Synopsis by Hans J. Wollstein
George M. Cohan's 1904 musical came to the screen a second time in 1930 courtesy of Warner Bros., who cast light leading man Edward Buzzell as the small-town jockey whose impromptu renditions of "Yankee Doodle Boy" lead to all kinds of theatrical offers. Johnny, however, is in New York to race Yankee to victory and has no time for such foolishness. Especially because he is also busy dallying with actress Vivian Dale (Edna Murphy). Arriving to watch her horse compete, Mary Dale (Alice Day) takes umbrage at Vivian's presence, particularly because the Broadway vamp is trying to convince Johnny to throw the race. The jockey refuses but loses anyway and an incriminating letter from Vivian causes him to be unjustly accused. Fleeing to England, Johnny slaves away in a Limehouse dive until given a chance to ride Yankee at Epsom Downs. This time, our hero wins both the race and Mary's love. Featuring Cohan numbers like "Yankee Doodle Boy", "Give My Regards to Broadway" and "Painting the Clouds With Sunshine" (the latter written by Al Dubin and Joe Burke), Little Johnny Jonson's flag-waving sentiments proved an anachronism in the last days of the Roaring Twenties and the film was a major box-office disaster.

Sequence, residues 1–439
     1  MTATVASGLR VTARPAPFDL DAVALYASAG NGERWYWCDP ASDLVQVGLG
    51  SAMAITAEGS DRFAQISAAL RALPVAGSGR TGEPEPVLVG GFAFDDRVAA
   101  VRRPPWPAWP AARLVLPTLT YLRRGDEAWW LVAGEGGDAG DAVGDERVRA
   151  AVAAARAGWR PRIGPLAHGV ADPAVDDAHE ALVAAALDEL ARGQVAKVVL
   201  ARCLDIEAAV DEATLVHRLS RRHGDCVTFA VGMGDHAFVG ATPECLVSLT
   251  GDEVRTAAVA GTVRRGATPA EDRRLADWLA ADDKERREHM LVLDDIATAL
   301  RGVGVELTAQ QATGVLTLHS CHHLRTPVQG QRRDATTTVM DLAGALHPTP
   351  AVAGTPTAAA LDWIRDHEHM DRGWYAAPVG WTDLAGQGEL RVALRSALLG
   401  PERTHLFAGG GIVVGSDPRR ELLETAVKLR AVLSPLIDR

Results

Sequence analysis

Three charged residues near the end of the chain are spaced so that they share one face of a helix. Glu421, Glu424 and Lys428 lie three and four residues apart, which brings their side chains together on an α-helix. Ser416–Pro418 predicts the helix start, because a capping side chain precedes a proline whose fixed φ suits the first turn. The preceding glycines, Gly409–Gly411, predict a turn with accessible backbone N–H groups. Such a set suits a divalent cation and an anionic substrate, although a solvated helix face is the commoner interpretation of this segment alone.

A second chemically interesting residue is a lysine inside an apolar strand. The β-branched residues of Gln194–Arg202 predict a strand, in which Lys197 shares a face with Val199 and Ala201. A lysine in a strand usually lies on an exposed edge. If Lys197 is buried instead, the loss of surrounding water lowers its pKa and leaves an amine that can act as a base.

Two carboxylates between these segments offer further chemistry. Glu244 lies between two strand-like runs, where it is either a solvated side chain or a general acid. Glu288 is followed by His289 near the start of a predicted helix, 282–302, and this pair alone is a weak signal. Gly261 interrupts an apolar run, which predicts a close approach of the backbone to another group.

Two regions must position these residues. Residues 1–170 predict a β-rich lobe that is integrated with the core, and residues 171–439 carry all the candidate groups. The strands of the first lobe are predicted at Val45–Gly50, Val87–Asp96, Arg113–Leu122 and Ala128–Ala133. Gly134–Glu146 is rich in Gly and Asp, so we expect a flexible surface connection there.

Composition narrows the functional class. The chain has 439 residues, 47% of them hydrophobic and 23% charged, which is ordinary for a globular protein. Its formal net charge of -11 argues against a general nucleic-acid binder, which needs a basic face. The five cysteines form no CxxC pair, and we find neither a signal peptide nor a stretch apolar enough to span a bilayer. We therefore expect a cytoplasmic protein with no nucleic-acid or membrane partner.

fame, forbidden-love, jockey, love, misunderstanding, winner